Discovering Louisa May Alcott's Jewish History on Portuguese Tour

'Little Women' Author Was a Little Bit Sephardic

A Little Surprising: “Little Women” has served some Jewish immigrants to America as a tool of assimilation. But, as it turns out, the novel’s author Louisa May Alcott came from Sephardic Jewish ancestry.
Getty Images
A Little Surprising: “Little Women” has served some Jewish immigrants to America as a tool of assimilation. But, as it turns out, the novel’s author Louisa May Alcott came from Sephardic Jewish ancestry.

By Eve LaPlante

Published May 28, 2013, issue of June 07, 2013.
  • Print
  • Share Share
  • Single Page

(page 4 of 5)

At the top of the hill, past the city’s magnificent Romanesque Old Cathedral, is the University of Coimbra, one of Europe’s oldest universities, founded in 1290. This is a university town: One in five residents of Coimbra is a student.

Created out of a palace occupied by the early kings of Portugal, the university boasts the second-largest library in Portugal. Its gorgeous Biblioteca Joanina, erected in the early 18th century, contains important papers of local Jewish scholars, many of whom were students or professors here. The ramparts afford views of Coimbra’s city’s red-tile roofs, the river below and the surrounding countryside.

Our final destination, a short walk northwest of the university, was the Pátio da Inquisição — Courtyard of the Inquisition — where Coimbra’s inquisitorial trials were held. Coimbra’s tribunal disposed of more than 11,000 individual cases between the 16th and 18th centuries.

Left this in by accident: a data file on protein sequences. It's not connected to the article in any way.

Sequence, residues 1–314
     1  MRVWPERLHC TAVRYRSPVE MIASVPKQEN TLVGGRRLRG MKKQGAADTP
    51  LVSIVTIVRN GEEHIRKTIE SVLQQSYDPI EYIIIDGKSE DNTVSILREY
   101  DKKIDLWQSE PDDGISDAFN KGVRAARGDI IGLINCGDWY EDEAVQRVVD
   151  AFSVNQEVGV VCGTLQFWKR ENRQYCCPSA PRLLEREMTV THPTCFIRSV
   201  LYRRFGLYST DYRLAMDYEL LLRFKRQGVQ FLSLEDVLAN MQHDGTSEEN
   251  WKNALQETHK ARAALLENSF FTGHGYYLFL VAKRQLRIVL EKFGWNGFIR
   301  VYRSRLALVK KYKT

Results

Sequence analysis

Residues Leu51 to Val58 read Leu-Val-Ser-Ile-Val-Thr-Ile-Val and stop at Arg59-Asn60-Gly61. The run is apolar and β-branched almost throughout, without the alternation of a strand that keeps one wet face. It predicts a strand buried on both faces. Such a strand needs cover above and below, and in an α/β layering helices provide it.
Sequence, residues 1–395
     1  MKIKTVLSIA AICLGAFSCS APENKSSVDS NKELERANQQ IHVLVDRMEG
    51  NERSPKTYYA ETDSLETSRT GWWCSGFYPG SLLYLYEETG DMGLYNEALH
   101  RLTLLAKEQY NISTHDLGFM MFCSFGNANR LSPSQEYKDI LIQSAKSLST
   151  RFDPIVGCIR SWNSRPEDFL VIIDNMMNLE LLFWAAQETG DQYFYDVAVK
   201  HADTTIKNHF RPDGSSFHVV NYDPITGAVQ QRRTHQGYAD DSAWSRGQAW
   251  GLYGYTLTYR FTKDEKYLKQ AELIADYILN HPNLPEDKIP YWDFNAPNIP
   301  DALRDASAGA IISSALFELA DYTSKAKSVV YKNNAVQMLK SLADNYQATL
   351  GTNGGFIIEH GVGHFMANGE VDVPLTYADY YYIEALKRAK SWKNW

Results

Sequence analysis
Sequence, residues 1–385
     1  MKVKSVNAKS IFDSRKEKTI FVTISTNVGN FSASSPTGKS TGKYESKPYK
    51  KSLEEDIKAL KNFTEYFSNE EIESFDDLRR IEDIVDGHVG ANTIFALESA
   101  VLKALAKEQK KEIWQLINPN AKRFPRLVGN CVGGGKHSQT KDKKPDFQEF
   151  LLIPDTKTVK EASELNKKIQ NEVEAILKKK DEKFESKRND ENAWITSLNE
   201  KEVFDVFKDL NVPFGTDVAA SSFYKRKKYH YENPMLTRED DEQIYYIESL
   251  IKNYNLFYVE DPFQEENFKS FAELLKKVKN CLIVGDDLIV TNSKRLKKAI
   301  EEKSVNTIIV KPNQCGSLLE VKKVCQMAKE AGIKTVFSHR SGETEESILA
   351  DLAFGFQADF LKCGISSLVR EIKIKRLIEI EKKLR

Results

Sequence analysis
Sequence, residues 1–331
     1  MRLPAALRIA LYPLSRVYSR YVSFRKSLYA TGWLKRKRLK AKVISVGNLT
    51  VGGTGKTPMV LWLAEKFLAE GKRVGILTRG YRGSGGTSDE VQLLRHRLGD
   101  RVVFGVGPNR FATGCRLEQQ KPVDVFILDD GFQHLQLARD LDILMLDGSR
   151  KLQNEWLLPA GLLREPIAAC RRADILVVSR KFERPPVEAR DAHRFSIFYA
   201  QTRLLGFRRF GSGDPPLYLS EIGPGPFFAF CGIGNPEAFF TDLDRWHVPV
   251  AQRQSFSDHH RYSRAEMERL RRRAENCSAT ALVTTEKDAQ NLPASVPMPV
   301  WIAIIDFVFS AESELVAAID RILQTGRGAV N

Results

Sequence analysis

Some of the trials lasted for years, while the accused waited in prison. Records indicate that more women than men were tried, convicted and executed, probably because mothers and grandmothers were held responsible for maintaining Jewish beliefs and practices among New Christians. As recently as 1718, in this courtyard, the tribunal tried more than 60 suspected Jews and then burned two people at the stake. On this spot, students and tourists now gather at the Restaurante O Pátio cafe.

By prior arrangement of our local guide, the informative Tiago Boavida, we were able to view torture chambers where the accused were held as they awaited trial. The chambers are in the basement of a 16th-century building that is now part of the university’s art school, the Centro de Artes Visuais. A student unlocked the door, welcomed us inside the cavernous space now used as an art gallery and removed a panel of floorboard. Metal stairs led down into the empty, whitewashed cells.

Afterward, as I stood outside in the school’s peaceful courtyard, surrounded by flowering plants and 16th-century capitals, it occurred to me that these cells are where Alcott’s ancestors might have been held if they had stayed in Portugal. In that case, their American descendants — and the writings of Alcott — would not exist.


The Jewish Daily Forward welcomes reader comments in order to promote thoughtful discussion on issues of importance to the Jewish community. In the interest of maintaining a civil forum, The Jewish Daily Forwardrequires that all commenters be appropriately respectful toward our writers, other commenters and the subjects of the articles. Vigorous debate and reasoned critique are welcome; name-calling and personal invective are not. While we generally do not seek to edit or actively moderate comments, our spam filter prevents most links and certain key words from being posted and The Jewish Daily Forward reserves the right to remove comments for any reason.